Books Ghosts

Review: A window — by a cosy fire — into Canada’s unique ghost stories

Great Canadian Ghost Stories by Barbara Smith

Touchwood Editions, Canada, 2018


Each page turn of Barbara Smith’s Great Canadian Ghost Stories was a finger pull on a View-Master’s lever.

Rife with viewports into Canada’s supernatural tales, Smith refrains from her traditional provincial campfire tales and cups her hand over her eyes to view for miles nationwide. She makes narrative stops at the tip of Corner Brook, Newfoundland to Quadra Island, British Columbia, with dedications to Canada’s North, including tales from Dawson City, Yukon and Sambaa K’e, Nunuvut.

And much like images on the reels of a View-Master, she illustrates the experiences of ghostly encounters made by people bold enough to have their name in print.

What she shares are the stills from memories. Often times, for the East Coast tales, she’s compiled anecdotal evidence from stories passed down by word-of-mouth or in the annals of superstitious pasts.

What’s encouraging about the book is Smith prefaces that it’s meant to “entertain and inform, and not meant to change anyone’s belief systems”.

That, on its own accord, is comforting, as with any book covering the topic of the supernatural — whether written by a believer or skeptic — often times there is a drive to shift the reader’s view.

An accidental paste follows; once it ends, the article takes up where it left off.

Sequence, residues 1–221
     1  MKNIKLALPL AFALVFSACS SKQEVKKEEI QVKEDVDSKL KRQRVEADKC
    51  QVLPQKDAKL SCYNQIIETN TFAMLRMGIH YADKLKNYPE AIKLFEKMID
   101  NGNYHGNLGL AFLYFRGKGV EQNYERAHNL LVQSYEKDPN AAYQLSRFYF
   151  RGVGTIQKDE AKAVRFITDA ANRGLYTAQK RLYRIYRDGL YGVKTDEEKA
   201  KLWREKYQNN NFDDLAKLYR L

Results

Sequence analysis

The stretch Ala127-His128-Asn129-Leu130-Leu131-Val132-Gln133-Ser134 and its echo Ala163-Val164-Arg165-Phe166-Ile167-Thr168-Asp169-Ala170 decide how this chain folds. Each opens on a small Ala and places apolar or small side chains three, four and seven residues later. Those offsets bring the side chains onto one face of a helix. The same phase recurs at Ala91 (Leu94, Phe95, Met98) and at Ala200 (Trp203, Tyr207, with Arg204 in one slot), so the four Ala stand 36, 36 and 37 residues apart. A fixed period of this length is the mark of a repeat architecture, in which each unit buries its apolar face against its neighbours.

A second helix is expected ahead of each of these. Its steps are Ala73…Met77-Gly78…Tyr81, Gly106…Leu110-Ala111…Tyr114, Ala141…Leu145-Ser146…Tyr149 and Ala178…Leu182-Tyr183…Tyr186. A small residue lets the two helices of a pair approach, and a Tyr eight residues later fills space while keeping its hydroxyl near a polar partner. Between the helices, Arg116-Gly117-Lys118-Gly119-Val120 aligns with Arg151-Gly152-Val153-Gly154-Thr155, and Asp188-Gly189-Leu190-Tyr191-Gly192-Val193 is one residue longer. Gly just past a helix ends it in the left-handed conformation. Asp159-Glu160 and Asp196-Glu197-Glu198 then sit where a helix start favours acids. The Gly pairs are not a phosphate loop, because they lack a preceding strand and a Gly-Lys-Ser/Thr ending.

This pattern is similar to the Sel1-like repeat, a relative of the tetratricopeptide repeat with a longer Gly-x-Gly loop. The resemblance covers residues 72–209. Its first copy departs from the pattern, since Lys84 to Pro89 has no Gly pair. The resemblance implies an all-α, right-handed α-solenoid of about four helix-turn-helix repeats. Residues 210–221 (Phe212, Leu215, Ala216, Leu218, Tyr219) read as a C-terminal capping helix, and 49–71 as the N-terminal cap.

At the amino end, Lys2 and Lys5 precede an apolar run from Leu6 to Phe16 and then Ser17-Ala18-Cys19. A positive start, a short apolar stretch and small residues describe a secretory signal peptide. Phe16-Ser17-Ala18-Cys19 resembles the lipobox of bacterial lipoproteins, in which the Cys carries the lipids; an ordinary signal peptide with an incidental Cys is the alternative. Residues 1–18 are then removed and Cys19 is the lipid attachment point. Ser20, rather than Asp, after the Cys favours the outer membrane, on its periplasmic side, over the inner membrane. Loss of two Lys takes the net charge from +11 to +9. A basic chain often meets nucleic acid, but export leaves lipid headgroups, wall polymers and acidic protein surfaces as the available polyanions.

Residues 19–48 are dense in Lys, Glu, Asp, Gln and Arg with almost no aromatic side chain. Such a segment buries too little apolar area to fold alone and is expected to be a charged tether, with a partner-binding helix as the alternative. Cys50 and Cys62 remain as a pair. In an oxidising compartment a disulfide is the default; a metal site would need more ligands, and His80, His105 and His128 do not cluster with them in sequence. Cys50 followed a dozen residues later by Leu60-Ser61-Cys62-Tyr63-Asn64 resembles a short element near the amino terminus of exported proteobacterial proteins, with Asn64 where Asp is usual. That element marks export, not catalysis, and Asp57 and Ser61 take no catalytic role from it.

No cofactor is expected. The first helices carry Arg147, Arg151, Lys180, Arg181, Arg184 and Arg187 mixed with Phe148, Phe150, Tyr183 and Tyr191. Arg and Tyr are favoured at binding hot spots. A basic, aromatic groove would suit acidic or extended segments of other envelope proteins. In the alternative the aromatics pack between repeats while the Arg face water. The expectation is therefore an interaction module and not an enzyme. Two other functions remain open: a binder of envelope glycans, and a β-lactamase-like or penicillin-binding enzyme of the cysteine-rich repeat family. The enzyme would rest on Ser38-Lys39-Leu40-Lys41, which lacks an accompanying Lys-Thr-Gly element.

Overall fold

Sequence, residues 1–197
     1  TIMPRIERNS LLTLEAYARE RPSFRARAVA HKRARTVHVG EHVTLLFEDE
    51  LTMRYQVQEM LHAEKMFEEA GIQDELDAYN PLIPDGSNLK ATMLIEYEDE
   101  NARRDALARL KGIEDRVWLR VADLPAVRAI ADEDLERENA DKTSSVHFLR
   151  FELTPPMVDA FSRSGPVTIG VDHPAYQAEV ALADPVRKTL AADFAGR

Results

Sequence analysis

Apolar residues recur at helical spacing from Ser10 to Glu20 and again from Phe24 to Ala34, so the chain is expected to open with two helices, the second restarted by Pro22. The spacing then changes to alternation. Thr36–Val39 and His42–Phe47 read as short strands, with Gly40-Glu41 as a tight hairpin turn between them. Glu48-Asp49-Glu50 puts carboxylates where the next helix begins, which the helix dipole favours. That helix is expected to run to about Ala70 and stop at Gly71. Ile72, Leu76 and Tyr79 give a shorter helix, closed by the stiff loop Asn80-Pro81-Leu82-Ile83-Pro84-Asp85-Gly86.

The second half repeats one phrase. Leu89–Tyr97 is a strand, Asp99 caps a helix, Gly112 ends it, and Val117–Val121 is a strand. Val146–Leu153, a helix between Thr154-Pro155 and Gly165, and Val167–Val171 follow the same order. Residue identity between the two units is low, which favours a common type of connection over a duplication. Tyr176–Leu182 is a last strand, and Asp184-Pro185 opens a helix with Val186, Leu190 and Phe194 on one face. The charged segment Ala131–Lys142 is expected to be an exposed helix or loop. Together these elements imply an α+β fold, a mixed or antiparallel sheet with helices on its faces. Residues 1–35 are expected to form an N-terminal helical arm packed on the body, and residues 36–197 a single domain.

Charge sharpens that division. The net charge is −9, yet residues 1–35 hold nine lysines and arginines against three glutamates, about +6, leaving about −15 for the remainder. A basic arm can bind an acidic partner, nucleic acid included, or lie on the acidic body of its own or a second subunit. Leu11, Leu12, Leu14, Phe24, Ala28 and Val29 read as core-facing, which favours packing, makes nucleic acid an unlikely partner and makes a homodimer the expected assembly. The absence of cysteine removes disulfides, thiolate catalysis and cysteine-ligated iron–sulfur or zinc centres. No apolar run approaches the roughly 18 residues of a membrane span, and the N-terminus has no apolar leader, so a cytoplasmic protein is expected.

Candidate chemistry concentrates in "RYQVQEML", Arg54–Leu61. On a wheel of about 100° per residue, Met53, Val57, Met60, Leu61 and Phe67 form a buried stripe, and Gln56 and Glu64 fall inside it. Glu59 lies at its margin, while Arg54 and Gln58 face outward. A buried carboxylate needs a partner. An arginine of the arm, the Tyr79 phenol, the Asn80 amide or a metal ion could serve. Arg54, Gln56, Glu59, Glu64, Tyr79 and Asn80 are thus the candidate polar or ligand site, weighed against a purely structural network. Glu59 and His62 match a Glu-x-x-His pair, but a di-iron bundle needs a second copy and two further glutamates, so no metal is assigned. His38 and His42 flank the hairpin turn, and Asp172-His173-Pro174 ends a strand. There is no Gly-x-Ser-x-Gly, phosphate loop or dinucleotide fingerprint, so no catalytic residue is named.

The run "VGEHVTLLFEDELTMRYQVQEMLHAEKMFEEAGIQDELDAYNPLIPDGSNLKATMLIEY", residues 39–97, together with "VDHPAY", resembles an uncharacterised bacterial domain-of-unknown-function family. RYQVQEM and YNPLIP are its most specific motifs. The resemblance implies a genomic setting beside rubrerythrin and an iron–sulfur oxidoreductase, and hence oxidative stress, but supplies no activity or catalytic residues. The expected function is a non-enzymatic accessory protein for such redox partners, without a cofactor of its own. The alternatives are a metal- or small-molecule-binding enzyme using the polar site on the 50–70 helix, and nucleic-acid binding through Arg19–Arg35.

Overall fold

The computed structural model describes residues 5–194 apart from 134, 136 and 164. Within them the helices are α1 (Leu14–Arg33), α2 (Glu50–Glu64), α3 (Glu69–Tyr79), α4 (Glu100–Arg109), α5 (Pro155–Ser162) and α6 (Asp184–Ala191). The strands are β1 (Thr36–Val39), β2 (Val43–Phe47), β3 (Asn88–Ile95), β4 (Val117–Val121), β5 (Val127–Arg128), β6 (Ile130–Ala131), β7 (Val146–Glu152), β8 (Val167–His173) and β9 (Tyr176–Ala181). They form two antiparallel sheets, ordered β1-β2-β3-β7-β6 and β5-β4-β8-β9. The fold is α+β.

But Smith allows the reader to approach the stories with their own philosophies.

Still, much like the cold spots and mysterious visions that come from the dark – sometimes on the seas or in the isolated tundra – there isn’t a lot of explanation.

For some stories, it could help flush out the heritage of locations, such as Tranquille on the Lake in Kamloops, British Columbia or Canoe Lake in Ontario’s Algonquin Park.

But of course, when one pulls on the lever of the View-Master, there isn’t an explanation of the panel in history. Unless of course you slide the reel out of its portal and read the inner label like it were the track listing of an LP.

Who wants to do that though, when you’re immersed in all stages of a haunting, whether it be a historical repeater, a poltergeist or the dark haunting of a young woman in Amherst, Nova Scotia?

It’s up to the viewer, or in the instance of the book, reader, to interpret the information compiled much like a forensics technician in an episode of C.S.I. Great Canadian Ghost Stories delivers on giving a good cross-section of the country’s ghost stories without losing sight of its audience.

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